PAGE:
He sends you biweekly public health updates. He’s the name on your CareEvolve portal. Dr. Tom McLarney’s name is everywhere.
This year, Medical Director of the Davison Health Center McLarney has become increasingly well-known on campus because of the COVID-19 pandemic. However, McLarney has been an important fixture of the Wesleyan community and the Connecticut medical world for many years.
A Connecticut native through and through, McLarney was born in Waterbury, but shortly after his birth his family moved to the small town of Wolcott.
“If you’re not from Connecticut, you’ve probably not heard of Wolcott,” McLarney remarked. “And even if you are from Connecticut, you probably didn’t hear of Wolcott either.”
McLarney grew up in Wolcott and then attended the nearby Fairfield University for his undergraduate degree. After graduating from Fairfield, he worked for a year in water treatment chemical testing before attending medical school at Georgetown University through a military scholarship.
“I served in the military for ten years after Georgetown,” McLarney said. “I did my internship and residency at the Naval Hospital in Charleston, South Carolina, did some additional duty in between my internship and my residency at the Naval Hospital in Philadelphia.”
After his stint in the South, McLarney soon found his way back to Connecticut, working at Middletown’s Middlesex Hospital for nine years before landing a job at the East Hartford Community Health Center. There, he found a calling in serving those without any or adequate health insurance.
“Just to be able to provide health care to these folks who would not normally get health care was an honor to say the least,” McLarney shared. “My patients were just a very appreciative, you know, wonderful salt of the earth type of folks.”
McLarney spent 12 years at the Community Health Center, until new management caused him to reconsider remaining at the position. Luckily, one of his colleagues alerted him to an opening at the University for the position of Medical Director to which he quickly applied.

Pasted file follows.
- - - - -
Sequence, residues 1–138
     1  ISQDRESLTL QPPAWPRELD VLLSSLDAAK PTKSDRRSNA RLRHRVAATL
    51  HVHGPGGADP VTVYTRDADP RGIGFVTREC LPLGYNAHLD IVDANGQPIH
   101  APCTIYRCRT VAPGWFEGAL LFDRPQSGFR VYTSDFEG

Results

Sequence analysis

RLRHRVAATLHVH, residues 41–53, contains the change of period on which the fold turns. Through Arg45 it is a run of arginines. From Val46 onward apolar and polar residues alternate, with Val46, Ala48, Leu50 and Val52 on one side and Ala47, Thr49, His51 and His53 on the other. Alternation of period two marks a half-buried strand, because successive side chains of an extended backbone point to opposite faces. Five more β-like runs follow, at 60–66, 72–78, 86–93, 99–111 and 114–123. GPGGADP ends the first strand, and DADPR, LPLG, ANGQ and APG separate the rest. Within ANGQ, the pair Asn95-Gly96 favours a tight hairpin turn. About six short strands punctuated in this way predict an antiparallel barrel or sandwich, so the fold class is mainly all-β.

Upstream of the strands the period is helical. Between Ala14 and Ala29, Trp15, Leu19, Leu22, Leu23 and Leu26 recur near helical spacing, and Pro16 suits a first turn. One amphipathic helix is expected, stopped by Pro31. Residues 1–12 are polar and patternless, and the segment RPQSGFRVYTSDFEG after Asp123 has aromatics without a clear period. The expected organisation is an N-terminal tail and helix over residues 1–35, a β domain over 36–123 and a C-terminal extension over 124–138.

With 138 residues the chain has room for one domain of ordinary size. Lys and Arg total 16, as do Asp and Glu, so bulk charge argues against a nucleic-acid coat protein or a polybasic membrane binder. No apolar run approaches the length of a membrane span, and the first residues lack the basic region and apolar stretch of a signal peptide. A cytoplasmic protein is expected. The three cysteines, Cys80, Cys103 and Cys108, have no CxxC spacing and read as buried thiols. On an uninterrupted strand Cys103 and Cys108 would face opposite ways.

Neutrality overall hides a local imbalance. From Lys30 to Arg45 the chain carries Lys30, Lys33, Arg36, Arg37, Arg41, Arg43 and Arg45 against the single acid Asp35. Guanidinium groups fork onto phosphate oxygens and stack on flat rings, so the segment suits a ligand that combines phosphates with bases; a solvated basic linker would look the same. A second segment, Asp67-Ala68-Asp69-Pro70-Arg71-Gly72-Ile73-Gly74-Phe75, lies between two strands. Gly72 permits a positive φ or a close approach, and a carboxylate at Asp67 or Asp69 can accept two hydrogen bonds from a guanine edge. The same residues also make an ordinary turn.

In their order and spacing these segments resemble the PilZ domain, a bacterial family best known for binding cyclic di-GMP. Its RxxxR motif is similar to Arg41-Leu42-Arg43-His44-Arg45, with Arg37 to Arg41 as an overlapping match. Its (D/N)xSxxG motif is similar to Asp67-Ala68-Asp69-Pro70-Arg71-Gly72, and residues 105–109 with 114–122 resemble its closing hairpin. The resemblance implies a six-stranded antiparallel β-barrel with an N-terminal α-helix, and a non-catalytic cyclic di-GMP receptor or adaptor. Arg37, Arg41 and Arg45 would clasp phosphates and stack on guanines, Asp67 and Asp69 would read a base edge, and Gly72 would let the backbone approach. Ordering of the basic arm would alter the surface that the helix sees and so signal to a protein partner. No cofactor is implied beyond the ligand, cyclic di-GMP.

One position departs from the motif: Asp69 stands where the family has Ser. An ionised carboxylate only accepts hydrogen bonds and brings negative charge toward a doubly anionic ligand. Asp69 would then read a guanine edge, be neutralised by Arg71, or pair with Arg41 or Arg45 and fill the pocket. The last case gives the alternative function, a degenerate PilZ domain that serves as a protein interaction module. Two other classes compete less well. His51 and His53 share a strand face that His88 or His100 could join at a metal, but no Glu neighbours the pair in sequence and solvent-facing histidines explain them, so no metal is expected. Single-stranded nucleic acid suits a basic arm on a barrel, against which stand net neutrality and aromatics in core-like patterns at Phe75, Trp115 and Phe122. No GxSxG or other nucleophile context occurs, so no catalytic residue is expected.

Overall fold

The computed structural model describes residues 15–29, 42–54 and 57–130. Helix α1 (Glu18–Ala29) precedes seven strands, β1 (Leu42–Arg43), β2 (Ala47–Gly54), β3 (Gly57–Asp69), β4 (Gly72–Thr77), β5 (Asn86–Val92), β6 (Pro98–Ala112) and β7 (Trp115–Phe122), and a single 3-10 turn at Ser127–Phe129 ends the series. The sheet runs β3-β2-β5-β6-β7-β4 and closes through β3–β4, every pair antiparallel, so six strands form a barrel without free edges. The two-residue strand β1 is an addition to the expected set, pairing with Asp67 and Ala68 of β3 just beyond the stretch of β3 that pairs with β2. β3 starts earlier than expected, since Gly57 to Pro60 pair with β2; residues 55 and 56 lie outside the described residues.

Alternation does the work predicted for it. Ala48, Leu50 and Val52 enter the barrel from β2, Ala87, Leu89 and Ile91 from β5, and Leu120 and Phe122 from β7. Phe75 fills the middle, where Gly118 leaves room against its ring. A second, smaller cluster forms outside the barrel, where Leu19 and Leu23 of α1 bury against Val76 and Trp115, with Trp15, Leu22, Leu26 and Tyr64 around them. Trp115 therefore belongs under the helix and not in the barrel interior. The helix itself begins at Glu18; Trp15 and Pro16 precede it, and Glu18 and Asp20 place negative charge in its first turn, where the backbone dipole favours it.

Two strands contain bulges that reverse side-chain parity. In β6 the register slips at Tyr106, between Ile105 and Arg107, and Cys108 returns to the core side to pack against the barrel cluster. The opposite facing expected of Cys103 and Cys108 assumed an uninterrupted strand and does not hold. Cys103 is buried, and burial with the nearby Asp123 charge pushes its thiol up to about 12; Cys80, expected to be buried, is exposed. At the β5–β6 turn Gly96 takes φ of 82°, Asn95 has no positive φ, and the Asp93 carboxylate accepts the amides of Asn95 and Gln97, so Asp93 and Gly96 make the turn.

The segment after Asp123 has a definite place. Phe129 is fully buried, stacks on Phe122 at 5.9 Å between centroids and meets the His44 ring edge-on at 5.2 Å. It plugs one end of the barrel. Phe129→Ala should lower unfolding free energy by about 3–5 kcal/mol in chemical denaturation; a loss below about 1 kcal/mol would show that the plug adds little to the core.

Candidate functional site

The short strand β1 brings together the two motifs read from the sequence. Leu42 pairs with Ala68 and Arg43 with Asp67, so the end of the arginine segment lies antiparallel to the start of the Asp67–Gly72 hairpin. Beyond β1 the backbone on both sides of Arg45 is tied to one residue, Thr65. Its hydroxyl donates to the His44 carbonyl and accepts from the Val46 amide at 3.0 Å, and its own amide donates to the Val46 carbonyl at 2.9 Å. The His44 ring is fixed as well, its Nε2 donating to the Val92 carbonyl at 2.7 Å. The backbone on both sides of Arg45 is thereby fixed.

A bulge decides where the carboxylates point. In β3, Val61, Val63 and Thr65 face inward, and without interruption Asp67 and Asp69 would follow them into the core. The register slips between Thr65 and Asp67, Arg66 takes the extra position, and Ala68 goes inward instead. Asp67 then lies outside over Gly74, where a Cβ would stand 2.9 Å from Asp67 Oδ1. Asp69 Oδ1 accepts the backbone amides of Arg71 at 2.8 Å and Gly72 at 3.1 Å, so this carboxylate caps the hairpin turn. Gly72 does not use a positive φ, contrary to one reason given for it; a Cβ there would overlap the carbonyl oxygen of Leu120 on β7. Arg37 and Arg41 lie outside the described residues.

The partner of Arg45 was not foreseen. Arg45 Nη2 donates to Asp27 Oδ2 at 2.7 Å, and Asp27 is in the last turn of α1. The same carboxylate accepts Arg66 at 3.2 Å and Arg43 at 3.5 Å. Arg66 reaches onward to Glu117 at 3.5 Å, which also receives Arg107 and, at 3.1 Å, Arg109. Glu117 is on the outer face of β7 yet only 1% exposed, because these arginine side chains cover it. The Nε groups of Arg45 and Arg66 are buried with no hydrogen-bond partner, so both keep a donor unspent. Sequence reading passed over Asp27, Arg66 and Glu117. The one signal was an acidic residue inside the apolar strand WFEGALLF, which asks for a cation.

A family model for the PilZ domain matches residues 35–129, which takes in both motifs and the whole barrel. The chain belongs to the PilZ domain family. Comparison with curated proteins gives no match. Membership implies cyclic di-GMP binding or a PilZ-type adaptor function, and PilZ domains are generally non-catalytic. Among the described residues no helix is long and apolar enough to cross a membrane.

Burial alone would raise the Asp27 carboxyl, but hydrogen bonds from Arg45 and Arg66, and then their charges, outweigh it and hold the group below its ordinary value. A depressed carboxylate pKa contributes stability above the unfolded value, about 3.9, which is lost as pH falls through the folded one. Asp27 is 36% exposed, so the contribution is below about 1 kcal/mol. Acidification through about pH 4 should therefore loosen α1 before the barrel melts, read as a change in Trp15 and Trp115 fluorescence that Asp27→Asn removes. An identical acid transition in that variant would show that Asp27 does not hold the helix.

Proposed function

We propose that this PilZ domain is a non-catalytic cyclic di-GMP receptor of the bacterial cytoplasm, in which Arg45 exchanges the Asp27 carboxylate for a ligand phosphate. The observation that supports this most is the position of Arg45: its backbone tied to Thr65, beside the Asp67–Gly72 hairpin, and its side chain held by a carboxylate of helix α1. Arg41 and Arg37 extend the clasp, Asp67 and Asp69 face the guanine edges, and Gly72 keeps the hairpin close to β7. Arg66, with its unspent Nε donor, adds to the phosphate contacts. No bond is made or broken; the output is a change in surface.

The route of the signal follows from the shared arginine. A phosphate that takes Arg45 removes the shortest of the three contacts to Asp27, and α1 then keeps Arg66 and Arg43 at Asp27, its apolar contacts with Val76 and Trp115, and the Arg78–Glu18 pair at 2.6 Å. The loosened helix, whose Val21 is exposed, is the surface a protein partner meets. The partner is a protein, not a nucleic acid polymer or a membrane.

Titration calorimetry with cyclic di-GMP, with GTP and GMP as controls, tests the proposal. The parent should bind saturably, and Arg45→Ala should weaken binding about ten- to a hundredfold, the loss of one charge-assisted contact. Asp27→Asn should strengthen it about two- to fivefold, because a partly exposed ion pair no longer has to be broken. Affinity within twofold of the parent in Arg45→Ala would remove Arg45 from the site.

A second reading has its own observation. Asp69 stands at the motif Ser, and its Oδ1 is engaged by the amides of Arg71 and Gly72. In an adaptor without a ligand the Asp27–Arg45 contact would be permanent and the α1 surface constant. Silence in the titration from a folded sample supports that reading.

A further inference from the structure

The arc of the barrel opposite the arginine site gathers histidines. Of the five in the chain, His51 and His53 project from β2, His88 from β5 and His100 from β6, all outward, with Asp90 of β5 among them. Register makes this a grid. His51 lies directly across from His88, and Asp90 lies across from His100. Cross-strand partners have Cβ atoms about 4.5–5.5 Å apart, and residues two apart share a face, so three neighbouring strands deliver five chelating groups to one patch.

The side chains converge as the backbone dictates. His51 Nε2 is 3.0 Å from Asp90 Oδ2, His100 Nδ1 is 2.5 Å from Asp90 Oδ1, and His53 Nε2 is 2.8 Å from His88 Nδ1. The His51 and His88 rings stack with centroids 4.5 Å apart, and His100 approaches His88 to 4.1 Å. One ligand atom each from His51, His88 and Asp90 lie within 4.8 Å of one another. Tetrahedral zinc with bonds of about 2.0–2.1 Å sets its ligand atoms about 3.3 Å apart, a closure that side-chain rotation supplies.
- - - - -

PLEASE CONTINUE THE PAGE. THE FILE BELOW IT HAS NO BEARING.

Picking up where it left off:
“I met with Joyce Walter, did my interview, and literally fell in love with the place and signed the contract as soon as they could print one up,” McLarney said. “And the same enthusiasm, the same joy I had on that day when I was interviewing and touring, I still have.”
This year, McLarney’s responsibilities have changed considerably. While he still sees patients as he previously had, most of his day to day duties consist of addressing the ongoing pandemic.
“I’m a part of the Pandemic Planning Committee, which Dean Rick Culliton is the leader of,” McLarney said. “In the summer we were looking at every detail; no stone was left unturned when it came to planning for reopening with the two goals in mind: Number one was keeping the campus as safe as possible, and number two was to provide as best of an educational experience that we can during a pandemic.”
Aside from meeting with the Pandemic Planning Committee and crafting public health updates, McLarney also communicates with other colleges to compare COVID-19 strategies.
“I also meet once a week with the NESCAC medical directors, the medical directors from every place from Colby to Trinity to Conn College, Tufts,” McLarney explained. “I tell you those meetings have been invaluable because we put our heads together and, you know, from a medical standpoint, try to figure out what is the best way to proceed.”
When he’s not working at Davison, McLarney loves to spend time with his family.
“At this point in my life, I have four grandchildren who I just adore,” McLarney said. “Two of them live in the next town over from me in East Hartford, and we get to see them fairly often because we’ve kind of been a family unit.”
He also enjoys spending time by the water, whether that be swimming or kayaking.
“We love to go up to places like the Cape and Florida, enjoy the beach,” McLarney said. “I think if I ever lived in a state that was landlocked I’d be chronically depressed. I need to have the ocean close.”
But more than anything, McLarney loves Wesleyan and its students. When asked what his favorite part of his job was, he was quick to reply.
“Working with you guys,” McLarney said. “Any time you make a change in your life you get a lot of unsolicited opinions from people. The one opinion that people kept telling me [was] ‘Oh, you used to work in a community health center. You used to do inpatient medicine, used to deliver babies, used to do nursing home rounds, used to do a lot of surgical procedures in your office. You’re not going to be doing those at Wesleyan. You’re going to get bored.’ And I could happily say I have not been bored a day in my life here.”
Hannah Docter-Loeb can be reached at firstname.lastname@example.org